As a way of warming up to our Singing Retreat repertoire, here are a few suggestions for choral pieces you might like to listen to by the same composers….
We are going to be singing Omnes gentes, Tye’s setting of the psalm ‘O clap your hands together’. It is written in a taut, highly structured style which had been pioneered on the continent by the likes of Josquin Des Prez, but which took a while to influence English composers. But Tye was equally adept at the expansive, melismatic style of composition which we associate with the pre-Reformation period. A splendid example of this is his antiphon Peccavimus cum patribus which employs a full ‘orchestral’ range of vocal textures. The climactic Amen is one of the great passages in English Renaissance music.
It is harder to access recordings of Walmisley’s music beyond the Canticles in D minor and a few psalm chants. Walmisley was not as prolific a composer as contemporaries such as S.S. Wesley; perhaps because, as reports suggest, he was rather too enamoured of the college port at Trinity. Nevertheless, it is worth seeking out his extended anthem Remember, Lord, what is come upon us, recorded by St Paul’s Cathedral under John Scott; and perhaps one day somebody will see fit to perform and record it with the original orchestral accompaniment.
Charles Villiers Stanford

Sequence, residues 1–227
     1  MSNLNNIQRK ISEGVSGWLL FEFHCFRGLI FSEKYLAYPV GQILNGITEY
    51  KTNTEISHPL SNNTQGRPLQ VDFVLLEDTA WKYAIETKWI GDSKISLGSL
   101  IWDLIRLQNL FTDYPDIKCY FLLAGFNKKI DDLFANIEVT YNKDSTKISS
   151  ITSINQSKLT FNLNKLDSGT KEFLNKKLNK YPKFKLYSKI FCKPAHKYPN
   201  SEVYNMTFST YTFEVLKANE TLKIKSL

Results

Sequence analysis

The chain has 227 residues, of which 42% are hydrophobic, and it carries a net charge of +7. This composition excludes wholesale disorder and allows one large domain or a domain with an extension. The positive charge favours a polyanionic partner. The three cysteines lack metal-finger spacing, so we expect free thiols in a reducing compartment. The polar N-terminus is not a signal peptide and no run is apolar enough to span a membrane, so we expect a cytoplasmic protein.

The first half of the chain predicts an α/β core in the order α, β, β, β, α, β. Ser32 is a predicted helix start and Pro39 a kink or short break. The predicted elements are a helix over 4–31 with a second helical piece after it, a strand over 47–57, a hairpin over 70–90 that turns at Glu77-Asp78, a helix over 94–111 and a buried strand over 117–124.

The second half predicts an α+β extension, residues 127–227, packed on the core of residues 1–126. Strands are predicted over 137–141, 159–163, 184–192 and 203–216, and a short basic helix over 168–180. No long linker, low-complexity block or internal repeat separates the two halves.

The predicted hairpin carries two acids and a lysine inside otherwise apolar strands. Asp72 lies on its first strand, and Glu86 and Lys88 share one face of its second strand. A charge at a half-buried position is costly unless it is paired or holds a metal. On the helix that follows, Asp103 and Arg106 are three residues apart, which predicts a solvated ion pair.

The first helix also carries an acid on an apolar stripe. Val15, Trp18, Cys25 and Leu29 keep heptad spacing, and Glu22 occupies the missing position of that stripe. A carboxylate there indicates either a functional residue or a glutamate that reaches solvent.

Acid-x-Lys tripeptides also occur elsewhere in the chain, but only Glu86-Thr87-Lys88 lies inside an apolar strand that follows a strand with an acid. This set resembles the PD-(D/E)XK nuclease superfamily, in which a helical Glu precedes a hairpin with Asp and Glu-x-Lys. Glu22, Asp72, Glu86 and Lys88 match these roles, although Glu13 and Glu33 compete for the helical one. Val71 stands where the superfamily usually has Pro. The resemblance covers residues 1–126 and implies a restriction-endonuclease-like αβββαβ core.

There are so many favourites to choose from: the Canticles in G, A and C, the Latin Motets written for Trinity College (Beati quorum via; Justorum animae and Coelos ascendit hodie) which are pretty much an obligatory part of a college choir’s tour repertoire, and grand anthems such as For lo I raise up. If you wish to experience Stanford outside of the Anglican liturgical milieu, then his double-choir Latin Magnificat, dedicated to his recently deceased friend Hubert Parry, shows Stanford channelling the Venetian Renaissance masters, but most especially Bach.
The Mistress of the Queen’s Music has been active across most classical genres; and the contemporary choral world is lucky that she devotes so much of her creative energy to choral music which is rarely so challenging that it lies outside the abilities of amateur ensembles. The Choir of Gonville and Caius College has recorded a wonderful selection; personal favourites are the setting of George Herbert’s Vertue, little tree, a Christmas work for upper voices and marimba, and the Blake setting My Guardian angel, which my own choir at St Catharine’s managed to commit to disc just before we were locked down for the first time.
Join us for Cambridge Choral Academy’s Singing Retreat 10-12 September 2021 – places still available!
Edward Wickham, June 2021